Ford Performance Centre

From Wikipedia, the free encyclopedia
  (Redirected from Mastercard Centre)
Jump to navigation Jump to search

Ford Performance Centre
Lakeshore Arena
Ford Performance Centre Logo.jpg
Full nameFord Performance Centre
Former namesMastercard Centre for Hockey Excellence (2009-2019)
Location400 Kipling Avenue
Toronto, Ontario
M8V 3L1
Coordinates43°36′13″N 79°31′12″W / 43.603485°N 79.52011°W / 43.603485; -79.52011
OwnerCity of Toronto government
OperatorMaple Leaf Sports & Entertainment
CapacityRink 1 - 1,000
Rink 2,3,4 - 200
Field size(1) 200' x 100' and (3) 200' x 85'
OpenedSeptember 8, 2009[2]
Construction cost$44 million[1]
Toronto Maple Leafs (practice facility)
Toronto Marlies (practice facility)
Toronto Furies (CWHL)
Hockey Hall of Fame
Hockey Canada
NHL Alumni Association
Etobicoke Dolphins
Journey to Excel
101 Sports Group
Zuperior Sports Store
Etobicoke Sports Hall of Fame

The Ford Performance Centre, formerly Mastercard Centre For Hockey Excellence, is a hockey facility located in the Etobicoke district of Toronto, Ontario, Canada. It has four ice pads and is the official practice facility of the Toronto Maple Leafs NHL hockey team, and their AHL affiliate the Toronto Marlies. The building also houses offices for Hockey Canada and the Hockey Hall of Fame and was home to the Toronto Furies of the Canadian Women's Hockey League. The land is owned by the Toronto District School Board as 400 Kipling Avenue.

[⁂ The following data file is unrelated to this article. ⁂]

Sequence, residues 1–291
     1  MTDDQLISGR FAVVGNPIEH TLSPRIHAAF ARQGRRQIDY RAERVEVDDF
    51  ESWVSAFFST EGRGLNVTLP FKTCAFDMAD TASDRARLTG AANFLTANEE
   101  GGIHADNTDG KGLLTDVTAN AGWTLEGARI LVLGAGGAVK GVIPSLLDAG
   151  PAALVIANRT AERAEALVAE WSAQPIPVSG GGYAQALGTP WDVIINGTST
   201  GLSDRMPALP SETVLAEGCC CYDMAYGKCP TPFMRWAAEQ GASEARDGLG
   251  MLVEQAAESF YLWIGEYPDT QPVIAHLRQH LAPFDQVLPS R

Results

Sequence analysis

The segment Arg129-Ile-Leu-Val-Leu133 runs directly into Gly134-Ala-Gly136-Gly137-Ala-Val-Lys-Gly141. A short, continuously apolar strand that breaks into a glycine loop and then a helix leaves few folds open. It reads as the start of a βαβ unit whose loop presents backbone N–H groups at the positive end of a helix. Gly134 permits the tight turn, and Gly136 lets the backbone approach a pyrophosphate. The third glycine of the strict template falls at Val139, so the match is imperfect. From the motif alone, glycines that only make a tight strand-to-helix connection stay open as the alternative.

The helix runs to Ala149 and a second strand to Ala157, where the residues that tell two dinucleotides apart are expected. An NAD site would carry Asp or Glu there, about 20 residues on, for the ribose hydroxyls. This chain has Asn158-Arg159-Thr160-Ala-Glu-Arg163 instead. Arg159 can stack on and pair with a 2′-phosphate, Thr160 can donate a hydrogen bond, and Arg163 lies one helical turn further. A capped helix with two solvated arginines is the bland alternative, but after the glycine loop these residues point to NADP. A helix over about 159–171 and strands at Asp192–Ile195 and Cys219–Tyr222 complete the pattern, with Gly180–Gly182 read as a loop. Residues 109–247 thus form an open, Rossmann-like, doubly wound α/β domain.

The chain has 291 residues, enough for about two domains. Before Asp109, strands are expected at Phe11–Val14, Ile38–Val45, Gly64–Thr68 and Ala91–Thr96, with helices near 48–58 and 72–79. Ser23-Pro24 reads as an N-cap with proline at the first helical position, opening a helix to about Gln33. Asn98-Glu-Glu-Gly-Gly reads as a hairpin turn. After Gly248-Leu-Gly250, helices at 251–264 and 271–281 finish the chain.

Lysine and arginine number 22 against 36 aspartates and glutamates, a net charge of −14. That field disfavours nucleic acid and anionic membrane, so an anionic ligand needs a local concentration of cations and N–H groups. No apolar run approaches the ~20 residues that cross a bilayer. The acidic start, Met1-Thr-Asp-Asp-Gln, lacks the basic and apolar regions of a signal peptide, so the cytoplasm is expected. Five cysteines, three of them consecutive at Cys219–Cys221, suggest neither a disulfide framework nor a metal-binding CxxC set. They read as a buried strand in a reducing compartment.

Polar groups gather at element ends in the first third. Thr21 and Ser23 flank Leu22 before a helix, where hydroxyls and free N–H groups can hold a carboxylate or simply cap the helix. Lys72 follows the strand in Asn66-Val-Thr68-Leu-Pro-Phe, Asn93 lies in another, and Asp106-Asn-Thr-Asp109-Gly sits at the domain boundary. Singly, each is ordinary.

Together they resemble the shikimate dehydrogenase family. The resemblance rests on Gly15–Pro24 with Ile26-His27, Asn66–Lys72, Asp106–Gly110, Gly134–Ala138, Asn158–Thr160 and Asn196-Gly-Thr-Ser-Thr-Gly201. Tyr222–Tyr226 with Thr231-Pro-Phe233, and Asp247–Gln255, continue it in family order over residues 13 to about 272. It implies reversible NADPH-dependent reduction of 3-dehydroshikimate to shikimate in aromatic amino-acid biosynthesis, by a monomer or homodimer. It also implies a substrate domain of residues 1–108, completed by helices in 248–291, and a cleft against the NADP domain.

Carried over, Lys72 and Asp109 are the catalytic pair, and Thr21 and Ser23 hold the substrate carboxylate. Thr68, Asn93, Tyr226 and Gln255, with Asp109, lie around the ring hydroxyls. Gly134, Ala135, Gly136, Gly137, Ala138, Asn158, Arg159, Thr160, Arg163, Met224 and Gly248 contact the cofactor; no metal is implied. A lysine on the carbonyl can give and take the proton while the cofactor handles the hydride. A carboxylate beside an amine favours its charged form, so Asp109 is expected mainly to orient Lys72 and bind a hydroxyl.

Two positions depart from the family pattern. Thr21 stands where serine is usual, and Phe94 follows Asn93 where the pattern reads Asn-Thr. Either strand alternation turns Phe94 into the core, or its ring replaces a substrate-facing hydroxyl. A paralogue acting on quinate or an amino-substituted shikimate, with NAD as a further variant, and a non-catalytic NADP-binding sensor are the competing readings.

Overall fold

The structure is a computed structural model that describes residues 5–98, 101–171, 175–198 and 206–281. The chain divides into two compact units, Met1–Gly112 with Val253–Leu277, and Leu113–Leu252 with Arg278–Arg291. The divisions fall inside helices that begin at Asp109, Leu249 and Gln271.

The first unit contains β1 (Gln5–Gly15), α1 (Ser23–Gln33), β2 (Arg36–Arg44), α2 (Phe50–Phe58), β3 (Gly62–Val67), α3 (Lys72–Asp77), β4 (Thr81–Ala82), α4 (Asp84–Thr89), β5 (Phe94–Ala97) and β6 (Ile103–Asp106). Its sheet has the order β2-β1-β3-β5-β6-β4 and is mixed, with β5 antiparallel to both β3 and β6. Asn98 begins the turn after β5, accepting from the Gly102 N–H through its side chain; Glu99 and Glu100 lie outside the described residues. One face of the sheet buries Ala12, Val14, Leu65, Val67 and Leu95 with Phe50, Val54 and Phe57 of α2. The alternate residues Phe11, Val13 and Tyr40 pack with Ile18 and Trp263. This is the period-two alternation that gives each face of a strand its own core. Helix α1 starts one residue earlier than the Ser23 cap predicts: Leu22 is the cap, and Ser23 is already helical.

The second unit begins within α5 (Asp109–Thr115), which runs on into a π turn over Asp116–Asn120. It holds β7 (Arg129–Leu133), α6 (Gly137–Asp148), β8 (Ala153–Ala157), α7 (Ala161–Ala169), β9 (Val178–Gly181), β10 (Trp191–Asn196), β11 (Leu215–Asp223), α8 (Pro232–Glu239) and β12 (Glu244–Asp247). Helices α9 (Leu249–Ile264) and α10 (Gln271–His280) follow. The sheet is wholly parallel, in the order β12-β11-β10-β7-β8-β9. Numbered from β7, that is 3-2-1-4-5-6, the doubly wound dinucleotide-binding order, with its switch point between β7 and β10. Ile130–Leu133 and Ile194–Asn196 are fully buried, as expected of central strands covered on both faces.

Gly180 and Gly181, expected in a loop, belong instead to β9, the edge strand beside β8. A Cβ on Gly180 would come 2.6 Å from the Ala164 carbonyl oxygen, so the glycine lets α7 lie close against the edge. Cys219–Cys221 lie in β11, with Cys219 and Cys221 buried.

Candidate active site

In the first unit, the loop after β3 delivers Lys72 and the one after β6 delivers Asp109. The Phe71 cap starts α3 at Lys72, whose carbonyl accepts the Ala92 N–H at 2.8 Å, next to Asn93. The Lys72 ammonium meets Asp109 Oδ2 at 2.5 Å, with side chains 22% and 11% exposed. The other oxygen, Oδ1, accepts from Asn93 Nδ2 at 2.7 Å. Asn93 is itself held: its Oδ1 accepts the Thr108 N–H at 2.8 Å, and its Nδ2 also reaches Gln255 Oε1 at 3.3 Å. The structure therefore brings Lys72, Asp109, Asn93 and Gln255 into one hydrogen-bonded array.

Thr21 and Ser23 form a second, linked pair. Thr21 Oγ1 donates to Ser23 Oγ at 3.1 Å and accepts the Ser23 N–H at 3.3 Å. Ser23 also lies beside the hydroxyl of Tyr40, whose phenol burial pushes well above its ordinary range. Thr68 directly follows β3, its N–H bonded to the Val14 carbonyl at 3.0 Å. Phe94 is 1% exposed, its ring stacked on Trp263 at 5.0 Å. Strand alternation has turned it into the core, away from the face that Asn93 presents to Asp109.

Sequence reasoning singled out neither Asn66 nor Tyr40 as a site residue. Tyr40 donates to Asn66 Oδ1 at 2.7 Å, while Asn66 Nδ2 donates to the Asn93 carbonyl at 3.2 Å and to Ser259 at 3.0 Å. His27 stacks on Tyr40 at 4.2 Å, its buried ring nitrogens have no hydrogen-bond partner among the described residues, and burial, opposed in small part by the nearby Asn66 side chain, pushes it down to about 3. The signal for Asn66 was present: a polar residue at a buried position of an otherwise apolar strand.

The Ford Performance Centre was built as a joint venture between the Toronto Maple Leafs, the City of Toronto government and the Lakeshore Lions Club at a cost of CA$44 million, after cost overruns drove up the cost from $33.65 million,[1][3][4] to replace the nearby Lakeshore Lions Arena.[2] The Lions Club contributed $40 million to the project, with the city providing a $35.5 million loan guarantee.[3][4][5][6] The Toronto District School Board leased the land for the arena to the Lakeshore Lions for a 50-year term.[5] Maple Leaf Sports & Entertainment (MLSE) spent a further $5 million on training and medical facilities to make the building the practice rink of their two hockey teams, the Toronto Maple Leafs and Toronto Marlies.[2][7] The Toronto Maple Leafs Hockey School is also held at the arena.[8] MLSE pays $600,000 annually to rent the building.[2][7] Mastercard purchased the naming rights to the facility for $525,000 a year.[6]

The facility, which is located at 400 Kipling Avenue in the New Toronto neighbourhood of Toronto, opened in September 2009.[7] It has four NHL-sized rinks, one of which can be expanded to Olympic dimensions with 1000 seats, as well as extensive training facilities.[7][8][9] According to Mastercard, the arena is "the first community ice facility to be built in the Toronto-area in the last 25 years."[8]